Last September’s general election in Germany saw the AfD (Alternative für Deutschland, Alternative for Germany) seated in the Bundestag for the first time. As a direct result, there has been another first: the issue of crimes committed by “teenage” “refugees” has been discussed on the floor of the Bundestag for the first time.
Anton, who translated the video below, includes these introductory notes:
Alternative for Germany Party (AfD) made Katarina Barley — the Social Democrat who serves as minister of Family Affairs, Senior Citizens, Women and Youth — answer questions about the murder of a 15-year-old German girl by a Muslim in Kandel.
When asked how she intends to protect women and girls in the future, she said we need to talk to them, those who come from macho cultures. We need to bring their families over because they are easier to handle when their sisters and mothers are with them.
The AfD just laughed at her. And the Socialists applauded.
This is the first time a minister has ever been questioned in Parliament about a crime committed by someone claiming to be a refugee. Even though hundreds of thousands of crimes have been committed by asylum seekers since Angela Merkel opened the floodgates in September 2015.
Many thanks to Vlad Tepes for the subtitling:
|00:00||First question to our colleague Nicole Höchst (AfD).|
|00:10||Based on the official crime statistics and against the current backdrop of the crime in Kandel.|
|00:18||What concrete educational and danger prevention measures is your ministry planning|
|00:25||in order to protect and successfully inform women and girls in the long term|
|00:31||about the disproportionately increased physical and sexual and life-threatening attacks|
|00:38||that have taken place since 2015 by so-called “asylum seekers”? Many thanks.|
|00:44||Unlike you, my ministry and I are anxious to protect all women and girls from sexual assault.|
|00:54||And that’s why this is not just about a single cause.|
|01:02||We have… we know from many investigations,|
|01:06||unfortunately also recently from the terrible case in Freiburg…|
|01:10||That the vast majority of sexual assault takes place in the context of social proximity.|
|01:15||This is not intended to conceal or minimize those cases that do not.|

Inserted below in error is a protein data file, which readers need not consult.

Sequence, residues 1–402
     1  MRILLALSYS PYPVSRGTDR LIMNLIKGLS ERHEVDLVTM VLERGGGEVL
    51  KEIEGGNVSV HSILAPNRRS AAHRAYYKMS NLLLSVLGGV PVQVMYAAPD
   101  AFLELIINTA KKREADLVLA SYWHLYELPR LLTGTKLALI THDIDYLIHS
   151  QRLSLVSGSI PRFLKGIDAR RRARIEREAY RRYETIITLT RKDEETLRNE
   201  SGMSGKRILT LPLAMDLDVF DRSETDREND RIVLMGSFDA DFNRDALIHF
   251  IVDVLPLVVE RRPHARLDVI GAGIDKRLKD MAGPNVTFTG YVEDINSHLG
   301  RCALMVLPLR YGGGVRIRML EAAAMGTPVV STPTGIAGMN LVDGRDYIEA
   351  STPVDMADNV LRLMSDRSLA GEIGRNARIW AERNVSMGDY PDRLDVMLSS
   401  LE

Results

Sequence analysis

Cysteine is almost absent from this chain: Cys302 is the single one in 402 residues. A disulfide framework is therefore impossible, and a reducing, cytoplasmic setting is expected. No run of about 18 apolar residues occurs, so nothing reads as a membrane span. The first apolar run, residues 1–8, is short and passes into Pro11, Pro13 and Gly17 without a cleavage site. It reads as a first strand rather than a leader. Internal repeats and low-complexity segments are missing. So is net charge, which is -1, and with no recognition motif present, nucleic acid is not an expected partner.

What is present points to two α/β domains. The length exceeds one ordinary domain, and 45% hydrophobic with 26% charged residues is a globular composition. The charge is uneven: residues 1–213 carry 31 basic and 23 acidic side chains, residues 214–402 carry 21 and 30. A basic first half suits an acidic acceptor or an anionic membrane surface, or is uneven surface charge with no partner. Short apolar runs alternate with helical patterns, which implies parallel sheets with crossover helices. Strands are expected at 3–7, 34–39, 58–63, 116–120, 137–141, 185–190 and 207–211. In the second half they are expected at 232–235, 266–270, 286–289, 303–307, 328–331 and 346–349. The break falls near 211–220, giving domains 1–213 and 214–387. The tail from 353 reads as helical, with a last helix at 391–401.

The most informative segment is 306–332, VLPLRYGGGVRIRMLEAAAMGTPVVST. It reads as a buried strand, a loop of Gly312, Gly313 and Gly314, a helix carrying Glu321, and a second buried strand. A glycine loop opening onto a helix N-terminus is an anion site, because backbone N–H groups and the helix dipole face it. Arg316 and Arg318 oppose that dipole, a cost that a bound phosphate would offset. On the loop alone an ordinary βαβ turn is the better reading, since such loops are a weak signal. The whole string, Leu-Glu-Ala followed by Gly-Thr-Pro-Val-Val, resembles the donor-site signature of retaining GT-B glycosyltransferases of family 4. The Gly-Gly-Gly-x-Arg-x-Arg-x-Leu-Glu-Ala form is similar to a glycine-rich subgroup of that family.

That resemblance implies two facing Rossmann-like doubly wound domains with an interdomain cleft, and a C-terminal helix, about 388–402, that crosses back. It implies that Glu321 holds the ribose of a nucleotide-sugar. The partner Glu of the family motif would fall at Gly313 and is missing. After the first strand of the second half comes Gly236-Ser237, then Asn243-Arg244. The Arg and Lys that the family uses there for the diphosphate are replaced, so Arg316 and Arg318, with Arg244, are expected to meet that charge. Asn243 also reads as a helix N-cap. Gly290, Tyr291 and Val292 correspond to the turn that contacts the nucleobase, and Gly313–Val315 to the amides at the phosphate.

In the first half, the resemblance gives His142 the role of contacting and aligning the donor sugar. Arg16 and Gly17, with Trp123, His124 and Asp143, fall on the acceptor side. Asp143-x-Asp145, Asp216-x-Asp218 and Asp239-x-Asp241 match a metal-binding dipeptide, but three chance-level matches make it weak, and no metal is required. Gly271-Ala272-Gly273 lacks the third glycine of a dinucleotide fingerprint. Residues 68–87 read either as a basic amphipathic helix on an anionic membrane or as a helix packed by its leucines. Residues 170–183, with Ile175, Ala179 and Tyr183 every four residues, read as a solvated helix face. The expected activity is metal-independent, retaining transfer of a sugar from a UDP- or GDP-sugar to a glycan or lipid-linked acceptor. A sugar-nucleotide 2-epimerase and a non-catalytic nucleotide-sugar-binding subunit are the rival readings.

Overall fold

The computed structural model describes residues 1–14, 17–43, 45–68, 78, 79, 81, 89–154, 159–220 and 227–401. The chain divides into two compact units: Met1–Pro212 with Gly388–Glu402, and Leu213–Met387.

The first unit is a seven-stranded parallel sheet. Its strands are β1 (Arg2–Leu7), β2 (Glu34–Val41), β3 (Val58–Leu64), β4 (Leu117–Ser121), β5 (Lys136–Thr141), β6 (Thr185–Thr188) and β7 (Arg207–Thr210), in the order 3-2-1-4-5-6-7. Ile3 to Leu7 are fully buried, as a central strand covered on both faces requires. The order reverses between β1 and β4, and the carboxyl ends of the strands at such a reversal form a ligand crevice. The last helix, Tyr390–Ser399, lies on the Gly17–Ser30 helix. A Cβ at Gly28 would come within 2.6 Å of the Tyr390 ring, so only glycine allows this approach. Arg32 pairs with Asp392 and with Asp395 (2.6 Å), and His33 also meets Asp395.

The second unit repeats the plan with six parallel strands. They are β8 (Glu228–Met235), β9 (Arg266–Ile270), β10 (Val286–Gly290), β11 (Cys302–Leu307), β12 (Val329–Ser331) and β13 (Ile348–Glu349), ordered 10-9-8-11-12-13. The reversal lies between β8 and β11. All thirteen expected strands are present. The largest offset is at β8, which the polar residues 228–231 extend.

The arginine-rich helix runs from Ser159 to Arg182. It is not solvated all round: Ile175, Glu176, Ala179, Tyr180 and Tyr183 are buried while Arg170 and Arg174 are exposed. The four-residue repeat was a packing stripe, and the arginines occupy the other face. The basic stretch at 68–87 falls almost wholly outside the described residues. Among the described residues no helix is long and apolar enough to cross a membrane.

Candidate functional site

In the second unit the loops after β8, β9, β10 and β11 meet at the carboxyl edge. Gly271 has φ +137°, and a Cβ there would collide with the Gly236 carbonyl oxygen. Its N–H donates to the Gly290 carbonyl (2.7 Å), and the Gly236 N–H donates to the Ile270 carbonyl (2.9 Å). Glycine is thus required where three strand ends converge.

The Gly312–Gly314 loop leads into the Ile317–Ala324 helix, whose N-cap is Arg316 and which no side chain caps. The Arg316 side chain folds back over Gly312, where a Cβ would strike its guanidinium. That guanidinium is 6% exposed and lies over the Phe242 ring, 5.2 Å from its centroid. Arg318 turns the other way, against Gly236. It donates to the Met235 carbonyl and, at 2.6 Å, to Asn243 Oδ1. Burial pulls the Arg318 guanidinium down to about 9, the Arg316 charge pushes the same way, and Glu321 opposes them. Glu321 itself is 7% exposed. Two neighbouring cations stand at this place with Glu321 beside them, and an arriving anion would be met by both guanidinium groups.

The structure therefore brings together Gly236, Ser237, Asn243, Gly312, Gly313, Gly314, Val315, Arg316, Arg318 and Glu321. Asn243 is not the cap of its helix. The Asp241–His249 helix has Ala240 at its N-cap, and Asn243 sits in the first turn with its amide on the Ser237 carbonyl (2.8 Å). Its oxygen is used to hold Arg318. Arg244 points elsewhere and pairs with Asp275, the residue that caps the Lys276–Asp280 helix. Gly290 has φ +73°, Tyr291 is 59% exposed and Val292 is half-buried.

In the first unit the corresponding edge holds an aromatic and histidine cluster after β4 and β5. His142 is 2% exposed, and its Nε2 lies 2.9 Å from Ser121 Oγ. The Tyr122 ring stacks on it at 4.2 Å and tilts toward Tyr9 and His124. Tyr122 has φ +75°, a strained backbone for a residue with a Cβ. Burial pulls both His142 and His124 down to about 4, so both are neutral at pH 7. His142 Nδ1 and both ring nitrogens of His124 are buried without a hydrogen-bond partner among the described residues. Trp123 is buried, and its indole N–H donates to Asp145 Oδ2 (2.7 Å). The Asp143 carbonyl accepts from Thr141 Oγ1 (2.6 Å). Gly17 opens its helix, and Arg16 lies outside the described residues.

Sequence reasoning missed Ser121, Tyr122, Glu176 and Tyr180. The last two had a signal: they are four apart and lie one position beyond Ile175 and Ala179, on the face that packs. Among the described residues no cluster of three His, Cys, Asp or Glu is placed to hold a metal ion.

|01:21||Nor the actual abuses perpetrated by refugees.|
|01:27||We have to approach this from different angles.|
|01:30||On the one hand, this concerns the accommodation where the unaccompanied young refugees live.|
|01:39||Also of course to the… yes… to the macho culture from which they often come …|
|01:46||That one does not conceal this and attempts to discuss this there,|
|01:51||and of course influence them, this is quite obvious.|
|01:55||But as I said, now… I do not know exactly where you were going with education?|
|02:02||As if you had in mind that you should say who you do not look in the eye,|
|02:05||or do not shake hands with or something, I have no idea?|
|02:08||What they are thinking? We erm, we erm, we have|
|02:11||the expert’s report from Professor Pfeiffer here,|
|02:14||which gives very precise starting points, which firstly says… [interrupted: Many thanks]|
|02:19||Yes, but it is now… Please give me two more sentences in this case. [OK]|
|02:23||There are… we must work with the youth, and we also know that family reunification is important.|
|02:27||Because the adolescents… [laughter] because the adolescents…|
|02:30||Well, yes. You know. If you think only half of the expert’s report is correct.|
|02:34||You have cheered half of the Professor Pfeiffer’s report, but you must then read it all.|
|02:39||And he says it is just the same with young men whether they come from here or elsewhere.|
|02:44||They are easier to handle when they have their mothers and sisters with them.